Wednesday, January 24, 2007

The Last King of Scotland

The Last King of Scotland is one of those rare films that isn't really very good but manages to avoid corrupting an absolutely magnificent central performance; this time from Forest Whitaker. Most of the film is a pretty clich├ęd tale of a young European being at first entranced then horrified by the contradictions of Africa. This story has been done many times before and much more convincingly. Equally, there is nothing terribly impressive about the artistic vision at work.

Equally, it is questionable whether the plot does its best to showcase Amin. It misses some of the more obvious events which might showcase the character; holding a press conference to rebut claims that he was a cannibal and feeding the assembled journalists people without their knowledge, for example. It also should have shown the rescue at Entebbe as the actual raid and Amin's response would have provided the film with important catharsis.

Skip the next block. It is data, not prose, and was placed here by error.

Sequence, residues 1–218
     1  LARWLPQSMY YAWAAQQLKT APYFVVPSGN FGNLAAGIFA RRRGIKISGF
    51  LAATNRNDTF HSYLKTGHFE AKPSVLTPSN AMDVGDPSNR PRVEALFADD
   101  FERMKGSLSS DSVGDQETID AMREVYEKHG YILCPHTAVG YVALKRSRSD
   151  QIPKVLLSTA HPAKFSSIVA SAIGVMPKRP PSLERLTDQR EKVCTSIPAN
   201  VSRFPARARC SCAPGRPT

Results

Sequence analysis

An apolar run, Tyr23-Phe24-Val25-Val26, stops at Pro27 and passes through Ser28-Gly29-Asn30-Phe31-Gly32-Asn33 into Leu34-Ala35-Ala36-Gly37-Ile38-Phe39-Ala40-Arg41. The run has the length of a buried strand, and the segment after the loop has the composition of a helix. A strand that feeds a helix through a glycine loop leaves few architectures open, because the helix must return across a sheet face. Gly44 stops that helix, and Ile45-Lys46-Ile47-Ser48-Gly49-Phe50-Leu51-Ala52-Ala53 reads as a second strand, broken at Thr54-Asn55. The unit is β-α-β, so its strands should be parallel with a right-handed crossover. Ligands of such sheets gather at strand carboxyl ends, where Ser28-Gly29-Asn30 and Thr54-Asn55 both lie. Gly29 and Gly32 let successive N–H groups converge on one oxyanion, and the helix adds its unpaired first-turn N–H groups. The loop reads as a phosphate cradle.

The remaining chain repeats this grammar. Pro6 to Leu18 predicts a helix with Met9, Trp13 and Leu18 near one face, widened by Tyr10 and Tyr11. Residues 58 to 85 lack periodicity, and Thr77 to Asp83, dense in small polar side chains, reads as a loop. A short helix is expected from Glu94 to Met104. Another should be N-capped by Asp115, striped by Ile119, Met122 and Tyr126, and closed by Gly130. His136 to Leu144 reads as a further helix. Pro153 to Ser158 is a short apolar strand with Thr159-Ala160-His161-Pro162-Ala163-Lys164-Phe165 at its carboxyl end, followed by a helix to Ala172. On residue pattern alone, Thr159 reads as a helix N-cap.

Still, Whitaker exudes such thorough and convincing instability and menace that he must surely be the favourite for the Oscar. He completely fills every room he is in. He actually makes the subservience of those around him credible which would seem the great challenge of playing a truly murderous dictator. I'm going to see Venus to confirm that Peter O'Toole hasn't done something marvellous to stop Whitaker deserving the prize but in any normal year it would clearly be his. Certainly DiCaprio for example, though an excellent actor, isn't in the same league in the role he is nominated for in The Departed.

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